A guilt-stricken Goom got to work helping the other villagers clean the rubble and begin the long process of rebuilding. Dennis and Murt pitched in as well.

They shared Goom's burden, but he took it hardest.

They shared Goom's burden, but he took it hardest. He took his anger into the forest and felled a good many trees, hacking away like the big kid who'd waited patiently for his crack at the pinata.

Others sought stones that could be shaped as needed. Moving the large stones was much more cumbersome than chopping trees, but it was true that the stones were much less flammable.

The sky was just beginning to darken toward twilight when Goom heard the sound of approaching riders. He turned away from his work and looked in the direction of the sound.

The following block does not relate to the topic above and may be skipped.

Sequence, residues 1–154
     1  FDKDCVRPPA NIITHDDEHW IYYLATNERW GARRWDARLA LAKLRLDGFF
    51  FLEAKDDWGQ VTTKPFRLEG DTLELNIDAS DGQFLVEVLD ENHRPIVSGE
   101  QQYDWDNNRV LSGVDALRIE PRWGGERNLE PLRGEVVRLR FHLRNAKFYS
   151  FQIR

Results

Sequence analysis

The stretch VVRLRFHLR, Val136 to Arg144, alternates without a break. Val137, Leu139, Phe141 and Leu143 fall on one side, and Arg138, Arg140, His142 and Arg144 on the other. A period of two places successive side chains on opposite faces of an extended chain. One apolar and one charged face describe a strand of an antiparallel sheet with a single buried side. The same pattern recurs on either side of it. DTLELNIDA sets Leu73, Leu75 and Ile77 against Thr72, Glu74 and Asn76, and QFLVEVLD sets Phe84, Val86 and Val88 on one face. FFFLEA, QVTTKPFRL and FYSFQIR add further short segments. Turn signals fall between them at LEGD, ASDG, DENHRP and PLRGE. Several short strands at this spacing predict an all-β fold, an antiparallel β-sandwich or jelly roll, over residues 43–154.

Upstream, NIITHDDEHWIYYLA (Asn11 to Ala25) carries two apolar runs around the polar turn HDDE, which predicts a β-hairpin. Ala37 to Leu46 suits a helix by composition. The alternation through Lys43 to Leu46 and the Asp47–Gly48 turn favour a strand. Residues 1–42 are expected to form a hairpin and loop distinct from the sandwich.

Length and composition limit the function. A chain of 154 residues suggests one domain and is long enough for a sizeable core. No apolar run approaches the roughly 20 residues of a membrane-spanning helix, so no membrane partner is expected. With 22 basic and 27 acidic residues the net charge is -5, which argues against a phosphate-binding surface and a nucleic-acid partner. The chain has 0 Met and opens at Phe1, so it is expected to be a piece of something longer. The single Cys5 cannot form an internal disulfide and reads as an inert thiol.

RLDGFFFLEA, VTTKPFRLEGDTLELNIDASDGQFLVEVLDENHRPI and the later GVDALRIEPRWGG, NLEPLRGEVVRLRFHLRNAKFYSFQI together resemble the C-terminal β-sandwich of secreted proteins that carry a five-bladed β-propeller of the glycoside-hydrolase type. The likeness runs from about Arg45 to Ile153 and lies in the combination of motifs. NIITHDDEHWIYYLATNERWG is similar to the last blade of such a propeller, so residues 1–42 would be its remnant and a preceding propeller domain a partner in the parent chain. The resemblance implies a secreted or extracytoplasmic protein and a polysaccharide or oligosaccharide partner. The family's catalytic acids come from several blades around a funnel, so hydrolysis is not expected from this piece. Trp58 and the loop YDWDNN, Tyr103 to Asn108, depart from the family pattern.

It was the distinct sound of horse hooves on dirt, but there were several horses, and Goom could hear something unsettling in the cadence of their hoof strikes.

The trees of the forest were quite bare; only the most stubborn leaves held on to their branches.

Goom gazed down the dirt road between the barren stands of trees, and slowly, dark silhouettes began to take shape in the hanging smoke.

He took a broad axe into his hands and yelled for Murt. His brother came to his side, staring out toward the riders.

Five dark figures approached.

"Oh no!" yelled Dennis. "I thought the Ulimni woulda left us along after you gave back those strings."

"It's not Ulimni," Goom said.

Out of the smoke, Sil-kuru emerged atop his six-legged steed. In one hand he held the reins, in the other, a long, curved blade.

Out of the smoke, Sil-kuru emerged atop his six-legged steed. In one hand he held the reins, in the other, a long, curved blade. Fewla was tied up and laying in front of him.